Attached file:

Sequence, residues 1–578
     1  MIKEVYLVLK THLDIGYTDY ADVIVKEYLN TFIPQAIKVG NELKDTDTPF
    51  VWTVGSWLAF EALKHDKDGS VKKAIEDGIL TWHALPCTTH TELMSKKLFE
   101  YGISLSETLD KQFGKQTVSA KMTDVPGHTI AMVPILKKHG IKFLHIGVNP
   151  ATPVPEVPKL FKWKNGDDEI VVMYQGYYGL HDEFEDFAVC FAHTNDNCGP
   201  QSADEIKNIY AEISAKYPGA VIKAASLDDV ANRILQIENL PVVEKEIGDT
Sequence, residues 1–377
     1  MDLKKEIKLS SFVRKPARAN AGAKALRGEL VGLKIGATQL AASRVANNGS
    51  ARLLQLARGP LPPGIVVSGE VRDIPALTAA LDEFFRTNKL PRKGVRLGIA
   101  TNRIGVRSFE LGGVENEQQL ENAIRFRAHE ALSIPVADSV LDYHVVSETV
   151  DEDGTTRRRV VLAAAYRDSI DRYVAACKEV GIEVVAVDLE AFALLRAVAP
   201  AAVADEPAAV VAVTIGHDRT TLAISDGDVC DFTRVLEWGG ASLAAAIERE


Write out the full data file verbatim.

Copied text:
Sequence, residues 1–578
     1  MIKEVYLVLK THLDIGYTDY ADVIVKEYLN TFIPQAIKVG NELKDTDTPF
    51  VWTVGSWLAF EALKHDKDGS VKKAIEDGIL TWHALPCTTH TELMSKKLFE
   101  YGISLSETLD KQFGKQTVSA KMTDVPGHTI AMVPILKKHG IKFLHIGVNP
   151  ATPVPEVPKL FKWKNGDDEI VVMYQGYYGL HDEFEDFAVC FAHTNDNCGP
   201  QSADEIKNIY AEISAKYPGA VIKAASLDDV ANRILQIENL PVVEKEIGDT
Sequence, residues 1–377
     1  MDLKKEIKLS SFVRKPARAN AGAKALRGEL VGLKIGATQL AASRVANNGS
    51  ARLLQLARGP LPPGIVVSGE VRDIPALTAA LDEFFRTNKL PRKGVRLGIA
   101  TNRIGVRSFE LGGVENEQQL ENAIRFRAHE ALSIPVADSV LDYHVVSETV
   151  DEDGTTRRRV VLAAAYRDSI DRYVAACKEV GIEVVAVDLE AFALLRAVAP
   201  AAVADEPAAV VAVTIGHDRT TLAISDGDVC DFTRVLEWGG ASLAAAIERE